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Ambulatory Blood Pressure Monitoring (ABPM) potentially offers a superior way to screen children for entry into antihypertensive trials, assuring that only those with true hypertension are enrolled.10 In addition, ABPM offers a better method to measure response to drug therapy.11-16 The ABPM device most commonly used in children (Spacelabs 90217 - Issaquah, Washington) has not been independently validated for use in this population. In 1993, the British Hypertension Society (BHS) published a protocol for validating ABPM devices, including guidance for validation studies in children.17 More recently, the Working Group on Blood Pressure Monitoring of the European Society of Hypertension published revisions to these guidelines, but did not include children in this update.18 Unfortunately, the original BHS protocol suggests using a smaller group of children than the protocol outlines for adults. Since BP in children is more variable than in adults, this guidance is unlikely to be adequate for children. Hence, a large, stringent validation study needs to be conducted in a cohort of children using the methods similar to those used to validate the device in adults. Performance of the proposed validation study is needed to allow for the incorporation of ABPM into clinical trial designs of anti-hypertensives in children which will ultimately allow for more accurate identification of the hypertensive population and determination of response to therapy along with allowing for assessment of the chronobiologic profile of drug response over the dosing interval.9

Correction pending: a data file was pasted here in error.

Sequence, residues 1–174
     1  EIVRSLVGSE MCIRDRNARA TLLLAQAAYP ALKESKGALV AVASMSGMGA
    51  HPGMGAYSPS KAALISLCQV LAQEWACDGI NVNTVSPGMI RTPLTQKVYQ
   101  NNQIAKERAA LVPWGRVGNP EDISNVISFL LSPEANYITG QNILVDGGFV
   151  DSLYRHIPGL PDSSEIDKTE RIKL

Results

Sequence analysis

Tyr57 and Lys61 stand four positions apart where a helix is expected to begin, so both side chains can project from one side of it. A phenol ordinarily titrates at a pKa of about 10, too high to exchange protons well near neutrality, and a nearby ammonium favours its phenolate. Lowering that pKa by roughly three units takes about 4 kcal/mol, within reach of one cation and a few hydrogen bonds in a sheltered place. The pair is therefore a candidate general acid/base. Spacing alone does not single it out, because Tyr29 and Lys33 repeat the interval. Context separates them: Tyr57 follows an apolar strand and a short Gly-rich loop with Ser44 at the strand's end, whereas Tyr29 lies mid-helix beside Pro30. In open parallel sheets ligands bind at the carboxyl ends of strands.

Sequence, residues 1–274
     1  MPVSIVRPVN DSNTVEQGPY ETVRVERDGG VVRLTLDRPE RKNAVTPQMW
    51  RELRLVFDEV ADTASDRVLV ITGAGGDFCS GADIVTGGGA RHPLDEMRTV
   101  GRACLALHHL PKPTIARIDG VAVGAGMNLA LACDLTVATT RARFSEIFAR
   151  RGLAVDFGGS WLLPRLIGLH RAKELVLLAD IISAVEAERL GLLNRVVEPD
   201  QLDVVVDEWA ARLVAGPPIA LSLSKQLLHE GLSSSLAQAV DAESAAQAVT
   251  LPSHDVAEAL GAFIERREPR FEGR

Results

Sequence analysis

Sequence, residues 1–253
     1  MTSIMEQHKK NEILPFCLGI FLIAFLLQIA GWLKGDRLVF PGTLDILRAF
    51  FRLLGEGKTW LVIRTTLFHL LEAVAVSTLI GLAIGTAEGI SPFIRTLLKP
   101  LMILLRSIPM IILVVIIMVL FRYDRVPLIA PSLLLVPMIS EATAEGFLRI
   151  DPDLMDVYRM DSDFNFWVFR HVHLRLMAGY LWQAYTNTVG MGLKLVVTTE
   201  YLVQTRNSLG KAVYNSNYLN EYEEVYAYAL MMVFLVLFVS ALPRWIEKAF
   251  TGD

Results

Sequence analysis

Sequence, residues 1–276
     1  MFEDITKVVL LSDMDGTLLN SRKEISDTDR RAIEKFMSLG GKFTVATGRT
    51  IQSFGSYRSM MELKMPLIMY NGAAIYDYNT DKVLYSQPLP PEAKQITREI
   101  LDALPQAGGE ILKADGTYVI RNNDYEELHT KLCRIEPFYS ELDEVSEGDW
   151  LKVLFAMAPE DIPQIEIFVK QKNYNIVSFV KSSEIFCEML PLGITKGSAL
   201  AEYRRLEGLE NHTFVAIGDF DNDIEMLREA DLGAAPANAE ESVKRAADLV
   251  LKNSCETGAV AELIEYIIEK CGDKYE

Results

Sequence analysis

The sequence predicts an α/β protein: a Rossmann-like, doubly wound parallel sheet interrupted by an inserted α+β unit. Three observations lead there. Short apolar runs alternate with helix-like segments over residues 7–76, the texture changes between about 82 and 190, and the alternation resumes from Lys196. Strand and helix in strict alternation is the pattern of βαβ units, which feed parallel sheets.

The diagnosis and treatment of hypertension remains a challenge in children and adolescents.1 At present the diagnosis is made during medical encounters and depends on randomly applied auscultatory or oscillometric techniques.2 These measurements are influenced by multiple factors including diurnal variation, stress related effects (most notably the fact that the measurement is being performed in a physician's office or clinic), observer bias and the measurement process itself. In addition, these standard approaches provide little information regarding blood pressure and its variability in the patients' ambient environments.3,4 If and when a diagnosis of hypertension is made, lifestyle changes are often prescribed. In children and adolescents these recommendations meet with mixed results that often frustrate patients and families as well as caregivers. In most cases, where sufficient concern exists regarding the long-term health of end organs such as the heart, kidney, eye and brain, pharmacotherapy is recommended. Unfortunately, in these instances drugs are prescribed with little information to guide proper, age-related dosing or safety assessment. In studies conducted over the last decade more than half of the agents marketed for adults with hypertension failed to demonstrate sufficient activity in children and adolescents to meet regulatory requirements for labeling.5 While a significant amount of this apparent ambiguity appears to be related to the design of the studies assessing the efficacy and safety of these drugs in pediatric patients, perhaps a more significant problem in these studies was the determination of who is actually hypertensive in the first place. This supplement addresses this issue directly by introducing an innovative approach to the diagnosis of hypertension in children and adolescents. Once validated, ambulatory BP monitoring may be used to describe and model the chronobiological patterns of blood pressure among patients who have been recently diagnosed with hypertension using standard clinical criteria. This is a unique opportunity to assess treatment naïve patients and compare an innovative new approach to what is currently the gold standard.